“The life of the law has not been logic: it has been experience.” – Oliver Wendell Holmes, Jr., The Common Law (1881)

“CEQA discourse has become increasingly abstract, almost medieval in its scholasticism.” – former California Governor Edmund G. (“Jerry”) Brown, Jr.

by Arthur F. Coon

On November 24, 2020, the Fifth District Court of Appeal filed its partially published opinion in the latest installment of the long-running CEQA litigation over Fresno County’s approval of the Friant Ranch project.  Sierra Club v. County of Fresno (Friant Ranch, L.P., Real Party in Interest) (2020) ____ Cal.App.5th ____.  The litigation involves a 942-acre mixed-use development project (2500 residential units, 250,000 square feet of commercial space, 460 acres of open space) for which the Notice of Preparation (NOP) of the EIR was issued in 2007; it has generated an earlier appellate opinion (see my 6/16/14 post here) and a Supreme Court opinion (see my 12/28/18 post here) addressing important standard of review issues centered on the adequacy of the project EIR’s air quality impacts discussion.

Continue Reading Remedial Legal Logic: Fifth District Doubles Down On Split with Other Districts in Holding CEQA Doesn’t Allow Limited Writ Remedy of Partial EIR Decertification – But Does It Really Matter?

On November 9, 2020, the United States Court of Appeals for the Ninth Circuit issued a published opinion affirming a judgment on the pleadings, granted by Northern District Presiding Judge William Alsup, in a removed action filed by a group of taxicab drivers and companies against the City of San Francisco.  San Francisco Taxi Coalition, et al. v. City and County of San Francisco, et al. (9th Cir. 2020) ___ F.3d ___.  The action challenged the San Francisco Municipal Transit Agency’s (SFMTA) adoption of 2018 taxi regulations which favored recent, post-2010 owners of taxi permits (called “medallions,” and for which the recent owners paid $250,000 each) over longer-term permit owners by giving them priority for lucrative airport pickup rides.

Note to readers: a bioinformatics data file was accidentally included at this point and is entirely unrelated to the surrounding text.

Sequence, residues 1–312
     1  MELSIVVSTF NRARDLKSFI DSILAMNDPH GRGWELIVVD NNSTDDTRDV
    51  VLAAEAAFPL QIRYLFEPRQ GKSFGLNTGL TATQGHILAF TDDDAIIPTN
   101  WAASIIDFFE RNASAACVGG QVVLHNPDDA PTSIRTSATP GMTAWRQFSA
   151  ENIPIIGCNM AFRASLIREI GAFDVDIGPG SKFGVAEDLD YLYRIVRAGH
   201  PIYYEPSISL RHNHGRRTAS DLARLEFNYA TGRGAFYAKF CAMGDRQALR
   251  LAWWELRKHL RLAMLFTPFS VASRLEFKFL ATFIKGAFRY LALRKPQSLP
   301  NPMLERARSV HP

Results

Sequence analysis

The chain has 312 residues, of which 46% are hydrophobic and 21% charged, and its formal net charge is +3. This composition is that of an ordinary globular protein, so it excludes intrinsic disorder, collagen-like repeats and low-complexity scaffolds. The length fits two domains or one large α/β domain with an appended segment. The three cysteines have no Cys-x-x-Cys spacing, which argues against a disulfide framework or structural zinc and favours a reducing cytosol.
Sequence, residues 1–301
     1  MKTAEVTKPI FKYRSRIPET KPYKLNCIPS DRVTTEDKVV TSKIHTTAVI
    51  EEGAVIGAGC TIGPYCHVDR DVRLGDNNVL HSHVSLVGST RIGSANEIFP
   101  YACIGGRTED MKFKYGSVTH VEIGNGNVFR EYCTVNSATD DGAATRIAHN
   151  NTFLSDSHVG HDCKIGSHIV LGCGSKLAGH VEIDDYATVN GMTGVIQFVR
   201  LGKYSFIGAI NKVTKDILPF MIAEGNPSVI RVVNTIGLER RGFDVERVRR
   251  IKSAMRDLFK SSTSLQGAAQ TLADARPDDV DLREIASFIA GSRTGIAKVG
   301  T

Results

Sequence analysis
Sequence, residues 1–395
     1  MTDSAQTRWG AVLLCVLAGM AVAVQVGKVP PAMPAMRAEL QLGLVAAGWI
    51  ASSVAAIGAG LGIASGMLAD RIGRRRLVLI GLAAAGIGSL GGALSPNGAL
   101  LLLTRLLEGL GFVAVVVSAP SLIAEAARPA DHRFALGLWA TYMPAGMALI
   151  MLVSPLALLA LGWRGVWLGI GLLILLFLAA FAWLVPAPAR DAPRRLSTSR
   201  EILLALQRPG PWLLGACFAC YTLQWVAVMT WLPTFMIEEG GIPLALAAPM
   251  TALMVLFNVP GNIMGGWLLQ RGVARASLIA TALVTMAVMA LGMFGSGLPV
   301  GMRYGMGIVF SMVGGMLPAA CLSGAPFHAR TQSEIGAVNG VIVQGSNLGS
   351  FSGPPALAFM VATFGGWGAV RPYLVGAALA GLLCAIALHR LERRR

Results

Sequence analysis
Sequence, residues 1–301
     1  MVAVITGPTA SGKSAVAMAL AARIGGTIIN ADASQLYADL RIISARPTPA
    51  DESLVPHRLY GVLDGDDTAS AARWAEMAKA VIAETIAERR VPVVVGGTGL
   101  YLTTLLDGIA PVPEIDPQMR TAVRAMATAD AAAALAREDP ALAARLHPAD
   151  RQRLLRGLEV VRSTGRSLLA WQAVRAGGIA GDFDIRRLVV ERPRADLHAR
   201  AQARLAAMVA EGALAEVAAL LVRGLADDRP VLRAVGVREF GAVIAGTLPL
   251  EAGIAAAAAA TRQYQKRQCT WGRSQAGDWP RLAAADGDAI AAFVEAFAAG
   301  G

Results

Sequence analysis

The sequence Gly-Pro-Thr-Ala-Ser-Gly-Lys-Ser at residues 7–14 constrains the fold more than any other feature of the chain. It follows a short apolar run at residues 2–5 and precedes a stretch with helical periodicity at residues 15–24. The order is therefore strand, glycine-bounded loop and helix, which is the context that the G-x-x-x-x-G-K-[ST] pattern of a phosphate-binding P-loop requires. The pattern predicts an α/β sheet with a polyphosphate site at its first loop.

Continue Reading A “Fare” Shake? Ninth Circuit Affirms Judgment On the Pleadings for San Francisco In Removed Action Challenging SFMTA’s 2018 Taxi Regulations, Remands for Consideration of Whether to Grant Plaintiffs Leave to Amend CEQA Claim

On November 10, 2020, the California Supreme Court – after briefly raising Petitioners’ hopes by extending the time to consider granting review – finally slammed the door shut on further litigation over a recent Fourth District Court of Appeal decision, issuing an order denying the three petitions for review filed by the parties, as well as a request for depublication filed by non-party City of Los Angeles.  Golden Door Properties v. S.C (County of San Diego) Case No. S264324.  The Court of Appeal’s Golden Door decision, which held lead agencies must retain and not destroy writings within the scope of CEQA’s mandatory and broadly inclusive administrative record statute (Pub. Resources Code, § 21167.6), notwithstanding assertedly contrary record-retention policies, will thus remain intact as published precedent.

Continue Reading Closing the “Golden Door”: California Supreme Court Denies Petitions for Review and Depublication Request in CEQA Administrative Record Case

On October 23, 2020, the California Supreme Court issued an order extending until December 7, 2020, or the date upon which review is either granted or denied, the time for granting or denying review in Golden Door Properties, LLC, et. al. v. Superior Court (County of San Diego et. al., Real Parties in Interest) (4th Dist. 2020) ___ Cal.App.5th ___.  The Court of Appeal’s decision, originally published on July 30, and modified upon denial of rehearing on August 25, 2020, held that a lead agency is required to retain, and may not  destroy, writings within the scope of CEQA’s mandatory and broadly-inclusive administrative record statute, Public Resources Code § 21167.6.

Continue Reading Keeping the “Golden Door” Cracked Open: California Supreme Court Extends Period to Consider Review of CEQA Administrative Record Case

In late September, Governor Newsom signed Executive Order N-80-20 (“EO 80-20”), which, among other things, extends the protections of a handful of previously issued executive orders related to COVID-19.  As relevant to CEQA practitioners, EO 80-20 extends the previous suspension of CEQA’s requirements for filing of specified notices with the county clerk and the posting of such notices in the county clerk’s office.